Staying properly hydrated is crucial for maintaining good health and longevity. While drinking water is important, experts emphasize that hydration isn’t limited to just water consumption. In fact, nearly 19% of an adult’s water intake usually comes from water-rich foods. These foods are easy to incorporate into one’s diet and offer several health benefits.

Water-rich foods play a vital role in keeping the body healthy. They contribute to preventing dehydration, aiding in waste elimination, lubricating joints, protecting the spinal cord, regulating body temperature, managing body weight, and even potentially reducing calorie intake when replacing sugary beverages.

“A lot of foods are high in water content, especially fruits and vegetables,” stated Penny Kris-Etherton, Evan Pugh University Professor of Nutritional Sciences at Penn State University in University Park, Pennsylvania. “Eating these foods is a way of helping to maintain good hydration status.”

The National Academy of Medicine recommends men to consume around 13 8-ounce glasses of water per day and women to have around nine, with higher intake needed for pregnant or breastfeeding women. Dehydration can set in with even a 2% water deficit below these recommended amounts, leading to symptoms like fatigue, confusion, mood changes, and more.

“Aim for fruits and vegetables that contain at least 85% water,” she stated.

Cucumbers top the list, at about 95% water, Kris-Etherton said. They’re also low in calories while high in fiber and vitamins K and A.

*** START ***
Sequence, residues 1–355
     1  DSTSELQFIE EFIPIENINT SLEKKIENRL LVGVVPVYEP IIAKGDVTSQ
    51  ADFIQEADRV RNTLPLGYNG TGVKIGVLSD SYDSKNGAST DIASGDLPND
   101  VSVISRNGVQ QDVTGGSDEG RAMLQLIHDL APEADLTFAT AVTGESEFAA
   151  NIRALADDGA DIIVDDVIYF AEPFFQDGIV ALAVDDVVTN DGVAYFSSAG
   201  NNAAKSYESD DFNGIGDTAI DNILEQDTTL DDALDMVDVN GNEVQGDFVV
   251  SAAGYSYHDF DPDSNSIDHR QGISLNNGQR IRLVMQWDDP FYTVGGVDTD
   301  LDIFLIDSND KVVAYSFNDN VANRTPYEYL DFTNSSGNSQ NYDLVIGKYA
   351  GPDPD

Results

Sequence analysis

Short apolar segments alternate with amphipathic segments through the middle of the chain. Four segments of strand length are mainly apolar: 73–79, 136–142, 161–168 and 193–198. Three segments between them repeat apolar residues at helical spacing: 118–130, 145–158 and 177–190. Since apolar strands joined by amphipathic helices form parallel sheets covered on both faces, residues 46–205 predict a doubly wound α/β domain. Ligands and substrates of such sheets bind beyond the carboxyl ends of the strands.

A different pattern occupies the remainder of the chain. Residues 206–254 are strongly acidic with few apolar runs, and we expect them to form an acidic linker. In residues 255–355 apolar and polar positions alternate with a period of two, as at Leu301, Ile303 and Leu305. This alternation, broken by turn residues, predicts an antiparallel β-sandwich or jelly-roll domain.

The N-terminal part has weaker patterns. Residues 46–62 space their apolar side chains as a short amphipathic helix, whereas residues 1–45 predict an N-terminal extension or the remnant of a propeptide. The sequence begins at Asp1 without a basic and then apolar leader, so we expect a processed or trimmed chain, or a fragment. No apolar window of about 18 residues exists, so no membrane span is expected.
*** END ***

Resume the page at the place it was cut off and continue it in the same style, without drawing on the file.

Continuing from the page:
“The neat thing about fruits and vegetables is they bring with them some important nutrients in addition to water,” she stated.

It’s essential to maintain hydration, regardless of the source of the water. When seeking water-rich foods, the produce section of the grocery store is a great place to start. Foods like watermelon, cantaloupe, honeydew, tomatoes, celery, peaches, zucchini, radishes, asparagus, and lettuce are excellent options.

Incorporating water-rich fruits into your diet, especially after exercising or activities that cause perspiration, can contribute to additional hydration. However, it’s crucial not to neglect drinking water itself. While fruits and vegetables can help with hydration, they can’t replace the necessity of daily fluid intake.

When choosing foods for hydration – or any other purpose – Jones said it’s important to seek a wide variety. “Don’t stick with just one kind. Be willing to try new things.”

What’s not good for hydration are drinks that contain alcohol or caffeine, including many popular energy drinks, Kris-Etherton stated. “They can worsen dehydration. And sports drinks often contain a lot of sugar. They’re really not a good source of fluid for staying hydrated. You need to read the labels.”

To put it into perspective, a cucumber that’s 95% water can contribute around 3.3 ounces of the recommended 72 ounces of daily water intake for women, for instance. Staying mindful of both water consumption and incorporating water-rich foods into your diet can help maintain proper hydration and overall well-being.


The information contained in this article is for educational and informational purposes only and is not intended as a health advice. We would ask you to consult a qualified professional or medical expert to gain additional knowledge before you choose to consume any product or perform any exercise.

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